The dead man was still on the rear cargo shelf of the A.T.V. at the headquarters when the investigator arrived. The scent filled the parking lot. The Tohono O’odham detective, a tall, clean-shaven man wearing a black cap, cargo pants and a pistol on his hip, gave the investigator the GPS coordinates and scene photographs.
“Did you check the scene?” the investigator asked.
“Yes,” the detective said, with little evident conviction.
At the medical examiner’s office in Tucson, the dead man was taken to the autopsy theater. There, two technicians and a pathologist in aprons, hair covers and face masks began moving about him with dolorous expertise and talking to one another in sentence fragments. One climbed a rolling ladder to photograph the body from above as another removed the clothing and probed the hems, felt the inner panels and inspected the belt and the tags and the labels. Migrants often travel with no identification or fake identification, but they can secret away genuine documents or phone numbers in their clothing. The technician didn’t find any of those things, though from the pants he pulled a nearly empty wallet and a pocket-size Gideon Bible with a blue plastic cover. The photographer fetched an infrared camera and through the viewfinder inspected the man’s limbs and torso, looking for tattoos. “My gut feeling is this guy doesn’t have any,” he said. He couldn’t say why, exactly. “It’s just my sense.”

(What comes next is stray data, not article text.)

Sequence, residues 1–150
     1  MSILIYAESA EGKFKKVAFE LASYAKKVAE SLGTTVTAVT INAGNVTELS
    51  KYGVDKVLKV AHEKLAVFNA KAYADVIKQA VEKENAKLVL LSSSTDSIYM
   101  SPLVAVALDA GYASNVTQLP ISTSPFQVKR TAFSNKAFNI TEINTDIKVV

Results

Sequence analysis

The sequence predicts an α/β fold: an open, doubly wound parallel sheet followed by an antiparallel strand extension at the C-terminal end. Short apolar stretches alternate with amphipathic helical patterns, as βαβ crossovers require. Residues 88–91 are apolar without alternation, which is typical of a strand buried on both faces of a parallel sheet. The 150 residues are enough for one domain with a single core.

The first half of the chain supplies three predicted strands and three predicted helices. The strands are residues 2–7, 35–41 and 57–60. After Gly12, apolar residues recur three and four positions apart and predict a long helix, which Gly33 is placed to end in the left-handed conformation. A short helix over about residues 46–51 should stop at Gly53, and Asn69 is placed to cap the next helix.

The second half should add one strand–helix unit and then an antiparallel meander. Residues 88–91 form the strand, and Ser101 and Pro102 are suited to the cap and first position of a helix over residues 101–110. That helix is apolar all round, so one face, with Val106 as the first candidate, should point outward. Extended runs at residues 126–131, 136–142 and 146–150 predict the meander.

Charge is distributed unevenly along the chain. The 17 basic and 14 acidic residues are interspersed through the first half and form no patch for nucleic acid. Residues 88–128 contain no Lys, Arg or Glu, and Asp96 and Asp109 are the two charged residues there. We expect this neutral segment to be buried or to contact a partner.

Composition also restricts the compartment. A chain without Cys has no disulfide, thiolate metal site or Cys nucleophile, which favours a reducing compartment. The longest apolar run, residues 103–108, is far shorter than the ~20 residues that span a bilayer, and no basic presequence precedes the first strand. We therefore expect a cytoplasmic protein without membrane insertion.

He was right. His sense came of long experience. He had inspected more U.B.C.s, as the medical examiner calls them — undocumented border crossers — than he could count. The man on Bird Nest Hill was U.B.C. No.104 for the year, and it was only September. In the mid-1990s, the federal government introduced a policy of pushing undocumented migrants away from border cities and into increasingly remote locations. The policy persisted, and as it did, more people died. According to the Border Patrol, just under 8,000 migrants have turned up dead on the Southern border since 1998. The real number is probably much higher, but even going by the Border Patrol’s estimates, that is a rate of about one migrant death per day, every day of the last 22 years.
Slightly less than half of those deaths occur in southern Arizona, most in the Sonoran Desert. Almost all the bodies found there end up at the medical examiner’s office in Tucson. This fact has become widely known beyond the city, and every day the office receives calls about the missing from desperate families and foreign consulates.